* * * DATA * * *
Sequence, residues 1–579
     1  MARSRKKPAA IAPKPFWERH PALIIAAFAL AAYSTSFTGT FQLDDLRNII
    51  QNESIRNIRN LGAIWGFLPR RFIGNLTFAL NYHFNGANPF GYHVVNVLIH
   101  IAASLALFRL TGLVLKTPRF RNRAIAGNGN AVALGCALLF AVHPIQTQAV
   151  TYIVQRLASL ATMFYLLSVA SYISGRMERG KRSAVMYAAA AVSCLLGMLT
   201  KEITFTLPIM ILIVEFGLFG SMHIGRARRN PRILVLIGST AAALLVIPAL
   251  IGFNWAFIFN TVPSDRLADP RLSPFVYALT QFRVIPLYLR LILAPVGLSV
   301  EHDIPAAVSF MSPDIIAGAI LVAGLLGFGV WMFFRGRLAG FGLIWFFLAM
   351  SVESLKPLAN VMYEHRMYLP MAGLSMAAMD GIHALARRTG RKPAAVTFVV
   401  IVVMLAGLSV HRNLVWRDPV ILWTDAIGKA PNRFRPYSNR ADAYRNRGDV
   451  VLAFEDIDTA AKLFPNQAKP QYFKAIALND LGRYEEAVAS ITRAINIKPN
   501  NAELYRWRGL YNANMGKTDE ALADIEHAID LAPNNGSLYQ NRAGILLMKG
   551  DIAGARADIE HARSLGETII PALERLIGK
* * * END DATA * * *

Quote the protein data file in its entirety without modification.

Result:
Sequence, residues 1–579
     1  MARSRKKPAA IAPKPFWERH PALIIAAFAL AAYSTSFTGT FQLDDLRNII
    51  QNESIRNIRN LGAIWGFLPR RFIGNLTFAL NYHFNGANPF GYHVVNVLIH
   101  IAASLALFRL TGLVLKTPRF RNRAIAGNGN AVALGCALLF AVHPIQTQAV
   151  TYIVQRLASL ATMFYLLSVA SYISGRMERG KRSAVMYAAA AVSCLLGMLT
   201  KEITFTLPIM ILIVEFGLFG SMHIGRARRN PRILVLIGST AAALLVIPAL
   251  IGFNWAFIFN TVPSDRLADP RLSPFVYALT QFRVIPLYLR LILAPVGLSV
   301  EHDIPAAVSF MSPDIIAGAI LVAGLLGFGV WMFFRGRLAG FGLIWFFLAM
   351  SVESLKPLAN VMYEHRMYLP MAGLSMAAMD GIHALARRTG RKPAAVTFVV
   401  IVVMLAGLSV HRNLVWRDPV ILWTDAIGKA PNRFRPYSNR ADAYRNRGDV
   451  VLAFEDIDTA AKLFPNQAKP QYFKAIALND LGRYEEAVAS ITRAINIKPN
   501  NAELYRWRGL YNANMGKTDE ALADIEHAID LAPNNGSLYQ NRAGILLMKG
   551  DIAGARADIE HARSLGETII PALERLIGK